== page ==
Browsing News Entries

DiMarzio welcomes investigation, points to personal record fighting abuse

New York City, N.Y., Jan 19, 2020 / 10:00 am (CNA).- Brooklyn’s Bishop Nicholas DiMarzio has issued a statement welcoming an investigation into an accusation of sexual abuse made against him last year.

In a statement released to CNA on Sunday Jan. 19, the Diocese of Brooklyn said that Bishop DiMarzio had done nothing wrong and had no intention of stepping aside during the Vatican-ordered enquiry into the allegation, which dates back to the 1970s and DiMarzio’s time as a priest in the Archdiocese of Newark.

“Bishop Nicholas DiMarzio has categorically denied the allegation against him,” the statement said. “He will vigorously defend himself against this false claim and is confident the truth will prevail.”

On Jan. 18, the Archdiocese of New York confirmed that Cardinal Timothy Dolan had been asked by the Congregation for the Doctrine of the Faith to conduct an investigation into the allegations of 56-year-old Mark Matzek.

Matzek alleges that DiMarzio and another priest, now deceased, repeatedly abused him when he was an altar server at St. Nicholas Catholic Church in the Diocese of Newark in the 1970s.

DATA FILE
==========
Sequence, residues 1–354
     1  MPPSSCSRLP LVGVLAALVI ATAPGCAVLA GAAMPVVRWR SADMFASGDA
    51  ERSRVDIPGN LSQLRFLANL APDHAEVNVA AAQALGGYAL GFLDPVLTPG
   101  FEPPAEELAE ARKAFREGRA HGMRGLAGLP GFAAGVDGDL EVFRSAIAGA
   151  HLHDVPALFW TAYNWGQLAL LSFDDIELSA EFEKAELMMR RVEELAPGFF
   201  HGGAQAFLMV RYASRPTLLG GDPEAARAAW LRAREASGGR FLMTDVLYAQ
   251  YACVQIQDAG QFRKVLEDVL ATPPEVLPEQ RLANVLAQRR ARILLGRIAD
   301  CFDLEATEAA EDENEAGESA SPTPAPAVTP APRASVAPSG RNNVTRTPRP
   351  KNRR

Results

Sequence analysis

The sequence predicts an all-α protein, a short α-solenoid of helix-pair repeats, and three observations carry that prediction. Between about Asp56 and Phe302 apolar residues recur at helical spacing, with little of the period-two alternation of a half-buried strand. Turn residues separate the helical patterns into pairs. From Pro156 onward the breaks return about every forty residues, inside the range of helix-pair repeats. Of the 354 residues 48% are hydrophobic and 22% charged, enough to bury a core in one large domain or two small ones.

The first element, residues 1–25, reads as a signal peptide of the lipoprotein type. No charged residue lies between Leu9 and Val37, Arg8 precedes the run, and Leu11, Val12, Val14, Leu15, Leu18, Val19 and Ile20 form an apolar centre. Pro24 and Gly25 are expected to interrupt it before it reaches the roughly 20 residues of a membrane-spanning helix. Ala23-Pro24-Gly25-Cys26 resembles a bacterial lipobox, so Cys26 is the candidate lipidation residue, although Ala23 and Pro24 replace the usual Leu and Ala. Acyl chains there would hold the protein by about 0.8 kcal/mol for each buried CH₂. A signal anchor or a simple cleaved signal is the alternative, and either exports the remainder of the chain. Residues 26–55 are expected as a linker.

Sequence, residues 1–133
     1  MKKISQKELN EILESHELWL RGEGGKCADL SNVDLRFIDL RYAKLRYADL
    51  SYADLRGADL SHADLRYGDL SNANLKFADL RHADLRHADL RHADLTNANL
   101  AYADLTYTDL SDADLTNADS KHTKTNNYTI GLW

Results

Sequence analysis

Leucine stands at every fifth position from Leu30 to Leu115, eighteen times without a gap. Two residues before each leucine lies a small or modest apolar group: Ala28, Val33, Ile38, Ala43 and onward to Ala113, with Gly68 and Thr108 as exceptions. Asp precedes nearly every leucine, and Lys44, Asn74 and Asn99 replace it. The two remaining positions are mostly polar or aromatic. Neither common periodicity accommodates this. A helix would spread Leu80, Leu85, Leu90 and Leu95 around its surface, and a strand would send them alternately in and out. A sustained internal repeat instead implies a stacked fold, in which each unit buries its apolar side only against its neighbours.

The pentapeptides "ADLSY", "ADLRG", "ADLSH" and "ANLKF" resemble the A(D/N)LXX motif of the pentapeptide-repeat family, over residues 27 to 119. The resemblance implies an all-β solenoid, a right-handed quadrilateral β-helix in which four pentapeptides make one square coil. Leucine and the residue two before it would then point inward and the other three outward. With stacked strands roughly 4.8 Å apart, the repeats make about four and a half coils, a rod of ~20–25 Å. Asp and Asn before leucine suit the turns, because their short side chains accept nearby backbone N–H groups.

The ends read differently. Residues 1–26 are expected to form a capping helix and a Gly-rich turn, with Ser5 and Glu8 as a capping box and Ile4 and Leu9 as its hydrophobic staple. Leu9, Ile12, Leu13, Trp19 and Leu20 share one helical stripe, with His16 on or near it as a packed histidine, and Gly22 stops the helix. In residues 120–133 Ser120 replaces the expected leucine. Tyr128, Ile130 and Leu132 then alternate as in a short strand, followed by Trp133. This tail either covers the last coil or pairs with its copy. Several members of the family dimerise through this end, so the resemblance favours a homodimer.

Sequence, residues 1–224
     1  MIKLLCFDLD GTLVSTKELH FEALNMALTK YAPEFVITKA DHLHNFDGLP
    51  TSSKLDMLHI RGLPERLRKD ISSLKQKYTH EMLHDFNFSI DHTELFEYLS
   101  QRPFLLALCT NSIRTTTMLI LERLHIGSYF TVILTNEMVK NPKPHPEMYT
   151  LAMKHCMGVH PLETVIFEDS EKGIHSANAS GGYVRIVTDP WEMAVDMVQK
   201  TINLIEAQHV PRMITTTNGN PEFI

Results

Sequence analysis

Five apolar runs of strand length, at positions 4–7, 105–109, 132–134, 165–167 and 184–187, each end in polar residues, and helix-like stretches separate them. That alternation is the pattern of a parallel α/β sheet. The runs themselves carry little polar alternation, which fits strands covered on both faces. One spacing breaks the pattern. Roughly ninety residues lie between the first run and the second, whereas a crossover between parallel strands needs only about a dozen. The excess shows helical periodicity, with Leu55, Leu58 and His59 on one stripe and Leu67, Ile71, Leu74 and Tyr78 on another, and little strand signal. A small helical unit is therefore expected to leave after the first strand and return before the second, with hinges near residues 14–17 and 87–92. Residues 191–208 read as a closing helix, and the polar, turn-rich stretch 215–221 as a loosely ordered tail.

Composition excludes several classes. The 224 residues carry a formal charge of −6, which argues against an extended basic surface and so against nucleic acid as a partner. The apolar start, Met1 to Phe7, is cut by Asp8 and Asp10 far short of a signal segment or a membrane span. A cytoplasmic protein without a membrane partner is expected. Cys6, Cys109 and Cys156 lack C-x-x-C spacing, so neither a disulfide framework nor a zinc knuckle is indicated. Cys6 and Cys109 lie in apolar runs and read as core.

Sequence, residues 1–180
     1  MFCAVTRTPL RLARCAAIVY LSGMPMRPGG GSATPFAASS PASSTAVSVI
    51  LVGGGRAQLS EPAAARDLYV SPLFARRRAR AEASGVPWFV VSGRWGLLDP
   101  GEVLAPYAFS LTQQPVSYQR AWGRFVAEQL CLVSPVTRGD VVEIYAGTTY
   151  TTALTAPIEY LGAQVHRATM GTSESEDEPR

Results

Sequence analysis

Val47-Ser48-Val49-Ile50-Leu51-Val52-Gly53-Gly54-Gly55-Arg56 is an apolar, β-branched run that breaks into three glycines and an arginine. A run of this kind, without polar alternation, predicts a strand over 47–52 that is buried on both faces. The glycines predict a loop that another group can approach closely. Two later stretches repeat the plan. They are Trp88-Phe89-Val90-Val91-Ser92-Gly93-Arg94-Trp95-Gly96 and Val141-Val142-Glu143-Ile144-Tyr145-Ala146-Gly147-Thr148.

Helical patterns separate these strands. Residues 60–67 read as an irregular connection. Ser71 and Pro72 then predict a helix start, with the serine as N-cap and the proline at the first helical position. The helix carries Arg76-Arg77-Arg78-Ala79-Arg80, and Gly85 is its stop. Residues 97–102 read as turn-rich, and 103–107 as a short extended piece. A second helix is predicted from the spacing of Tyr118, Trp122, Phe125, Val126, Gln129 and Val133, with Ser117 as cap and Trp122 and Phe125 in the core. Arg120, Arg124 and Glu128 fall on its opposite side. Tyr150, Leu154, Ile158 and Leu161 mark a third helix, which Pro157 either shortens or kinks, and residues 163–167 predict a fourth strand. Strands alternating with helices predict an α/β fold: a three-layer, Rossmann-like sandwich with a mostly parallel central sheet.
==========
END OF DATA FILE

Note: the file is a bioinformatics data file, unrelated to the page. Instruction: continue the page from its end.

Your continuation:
Although lawyer Mitchell Garabedian sent a letter to the Archdiocese of Newark in November saying he was preparing a lawsuit on behalf of Matzek seeking $20 million, a spokesperson for the Brooklyn diocese told CNA on Sunday that no suit had yet been filed.

The investigation is being conducted under the norms of Vos estis lux mundi, the motu proprio issued by Pope Francis in May, 2019, which provided new mechanisms for handling accusations against bishops.

“As the Church investigation is a Vos estis lux mundi probe, it does not require that Bishop DiMarzio step aside during the preliminary investigation,” the statement from the Brooklyn diocese noted. “As such, his status has not changed.

The Diocese of Brooklyn also noted that in the two months since the accusation was made public, DiMarzio had received constant messages of support from Catholics in and out of the diocese.

“There has been a tremendous outpouring of support for Bishop DiMarzio, from here in the Diocese of Brooklyn and from the people he has served throughout his 50-year ministry, including parishioners from his time as parochial vicar at St. Nicholas Church in Jersey City,” the statement said.

The Diocese of Brooklyn also underscored DiMarzio’s reputation as a “recognized as a leader” in combatting sexual abuse in the Church.